This week is the 211th meeting of the American Astronomical Society (the double-A-S, not to be confused with the triple-A-S, the American Association for the Advancement of Science, which publishes Science magazine). I'm not there; this meeting is a bit too astronomy-focused for me. AAS has a Division for Planetary Sciences, and it's the DPS meetings that I go to. However, there is plenty of interesting news coming out this week at the AAS meeting, and it seems a host of space bloggers is in attendance. Pamela Gay (of Star Stryder) reports that she, Fraser Cain (of Universe Today) and Phil Plait (of Bad Astronomy) are moving about the conference "in a happy pack." You can find their reports on conference happenings on their blogs, but all their conference posts are being mirrored in one place, Astronomy Cast, so check it out for the latest from across the universe.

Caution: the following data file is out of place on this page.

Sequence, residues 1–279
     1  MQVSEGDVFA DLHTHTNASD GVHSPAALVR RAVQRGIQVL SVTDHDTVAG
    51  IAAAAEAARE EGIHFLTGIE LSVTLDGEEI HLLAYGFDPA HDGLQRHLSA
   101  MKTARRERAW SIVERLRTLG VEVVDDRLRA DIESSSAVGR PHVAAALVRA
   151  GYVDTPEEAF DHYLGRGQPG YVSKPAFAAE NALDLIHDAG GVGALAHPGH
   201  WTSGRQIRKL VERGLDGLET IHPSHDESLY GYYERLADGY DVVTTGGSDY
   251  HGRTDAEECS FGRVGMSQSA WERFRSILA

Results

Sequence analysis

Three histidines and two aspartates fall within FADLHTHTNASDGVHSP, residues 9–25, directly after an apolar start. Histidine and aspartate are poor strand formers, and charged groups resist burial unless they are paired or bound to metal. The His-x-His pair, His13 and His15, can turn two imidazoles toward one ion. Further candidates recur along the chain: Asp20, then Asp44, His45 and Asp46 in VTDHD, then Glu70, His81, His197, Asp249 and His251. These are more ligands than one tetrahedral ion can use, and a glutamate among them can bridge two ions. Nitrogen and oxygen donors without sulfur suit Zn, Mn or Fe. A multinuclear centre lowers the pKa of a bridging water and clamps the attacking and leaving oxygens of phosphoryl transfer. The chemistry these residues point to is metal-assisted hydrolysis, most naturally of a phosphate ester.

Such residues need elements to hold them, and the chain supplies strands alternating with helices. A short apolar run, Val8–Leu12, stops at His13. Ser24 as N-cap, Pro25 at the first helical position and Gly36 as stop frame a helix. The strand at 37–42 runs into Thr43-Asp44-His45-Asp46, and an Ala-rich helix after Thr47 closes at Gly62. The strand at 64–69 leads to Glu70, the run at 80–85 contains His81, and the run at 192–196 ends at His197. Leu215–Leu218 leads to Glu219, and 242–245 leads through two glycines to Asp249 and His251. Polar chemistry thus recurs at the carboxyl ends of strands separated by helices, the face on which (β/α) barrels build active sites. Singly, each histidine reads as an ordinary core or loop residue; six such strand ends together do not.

In particular, I recommend Phil's most recent post on the fourth and final Hubble Servicing Mission, currently planned for August 7 of this year. The servicing mission will be an incredibly busy one including: replacement of all six gyroscopes, installation of new batteries, replacement of one Fine Guidance Sensor, replacement of thermal insulation, installation of two new instruments (Wide Field Camera 3 and Cosmic Origins Spectrograph), repair of the Space Telescope Imaging Spectrograph and the Advanced Camera for Surveys, and the installation of a mechanism that will aid in ending Hubble's life. The servicing mission should prolong that life by at least five years.